Alan Graham
Teacht is Imeacht, an Irish language production of Beckett’s Come and Go. Photo: Kevin Abosch

Teacht is Imeacht at the Focus Theatre, Dublin

Before Vanishing is the evocative title of a new production of four Beckett shorts by the new Irish theatre company Mouth on Fire. Established in 2010 with the purpose of presenting Beckett’s work in ‘conventional, unconventional and site-specific locations’, the company has previously staged Catastrophe, What Where, Rockaby, A Piece of Monologue, and Play in productions which have garnered considerable acclaim from critics and theatre-goers in Ireland. Before Vanishing, directed by Cathal Quinn and premiered at Dublin’s Focus Theatre in April 2012, adds Ohio Impromptu, Footfalls, That Time and Come and Go to this repertoire and, in keeping with the company’s innovative approach to the Beckett canon, Teacht is Imeacht, an Irish-language version of Come and Go.

In many respects, it would seem appropriate that Beckett characters, and especially the characters of Come and Go who do not so much converse as make utterances, should speak in what has been traditionally perceived as a dying language. Indeed, the translation of a Beckett text into Irish produces heightened notions of the impossibility of expression and the redundancy of language as well as highlights interesting dynamics with regard to the writer’s relationship with his native country. Beckett of course did not speak Irish and had only a limited knowledge of the language – his Protestant up-bringing ensured that he escaped what Vivian Mercier called ‘this rather factitious element of Irishness’ at a time when an independent Ireland was set on making Gaelic an official language of the new state. Nonetheless, references to Irish (as well as a smattering of Irish words) feature in Beckett’s work, typically as an indication of the marginalised status of the Protestant community in the Free State and often attended by a sense of incomprehensibility at this turn of events: a toilet door marked ‘Fir’ (‘men’) mystifies Mr. Rooney in All That Fall (‘from Vir Viris I suppose’), jumbled speech in Watt ‘meant nothing to me … so much Irish to me’ and in Molloy, ‘tears and laughter … are so much Gaelic to me.’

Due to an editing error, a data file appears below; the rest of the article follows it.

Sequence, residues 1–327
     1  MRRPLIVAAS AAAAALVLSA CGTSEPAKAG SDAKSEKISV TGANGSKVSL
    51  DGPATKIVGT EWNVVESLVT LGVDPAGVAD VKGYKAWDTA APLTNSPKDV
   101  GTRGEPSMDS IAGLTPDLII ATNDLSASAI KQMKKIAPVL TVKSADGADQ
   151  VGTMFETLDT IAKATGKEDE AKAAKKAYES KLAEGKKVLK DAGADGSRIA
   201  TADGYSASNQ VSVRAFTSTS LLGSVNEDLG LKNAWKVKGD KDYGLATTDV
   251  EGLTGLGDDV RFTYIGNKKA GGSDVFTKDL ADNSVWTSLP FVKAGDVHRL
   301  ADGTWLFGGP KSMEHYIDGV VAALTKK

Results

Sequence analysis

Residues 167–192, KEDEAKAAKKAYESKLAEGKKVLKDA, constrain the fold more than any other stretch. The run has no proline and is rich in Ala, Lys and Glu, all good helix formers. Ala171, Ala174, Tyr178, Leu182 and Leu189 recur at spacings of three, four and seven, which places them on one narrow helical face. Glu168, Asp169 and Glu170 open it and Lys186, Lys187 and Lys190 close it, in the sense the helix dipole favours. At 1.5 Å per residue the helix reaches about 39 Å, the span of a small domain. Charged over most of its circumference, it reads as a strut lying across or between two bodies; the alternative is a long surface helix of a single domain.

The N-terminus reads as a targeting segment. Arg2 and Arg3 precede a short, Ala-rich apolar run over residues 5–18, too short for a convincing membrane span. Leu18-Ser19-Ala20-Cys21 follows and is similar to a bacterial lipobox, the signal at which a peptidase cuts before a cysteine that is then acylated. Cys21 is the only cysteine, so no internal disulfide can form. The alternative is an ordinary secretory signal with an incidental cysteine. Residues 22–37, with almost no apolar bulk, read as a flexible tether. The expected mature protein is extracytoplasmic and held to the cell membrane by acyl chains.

The history of Irish language productions of Beckett’s plays is by no means substantial, yet, as with many interfaces between the Anglo-Irish and Gaelic literary traditions, it is not without its tensions. Beckett’s friend Con Leventhal, who was very critical of what he saw as the ‘Irishifying’ of Waiting for Godot in its first Dublin production at the Pike Theatre, dryly remarked in 1956 that ‘it may well be that Godot will do down in the local records as a lineal descendant of the works of the high literary kings of the Irish dramatic renascence. It is understood that there is a proposal to translate the play into Irish which would assist in bringing about a general acceptance here of this theory’. For some, translation into Irish was a crude means of reducing Beckett to the conservative literary culture and history which he would have seemed to have abandoned. Yet when an Irish version of Godot was eventually mounted in 1971, Beckett was reported to have been pleased with this development. Although only having a brief run in Galway and Dublin, Fanacht le Godot, directed by Beckett’s key Irish collaborator Alan Simpson who also took charge of the original Pike production, was a critical success and moved an Irish Times reviewer to fulfil Leventhal’s fears: ‘[U]ntil I saw Godot in Irish I didn’t properly understand how exactly Beckett takes hold of the Irish literary tradition … he is the legendary clever craftsman of humour, humour sexual and macabre, as ancient as the Táin [Táin Bó Cúailgne – a twelfth-century Irish epic] and as fresh as Finnegans Wake’.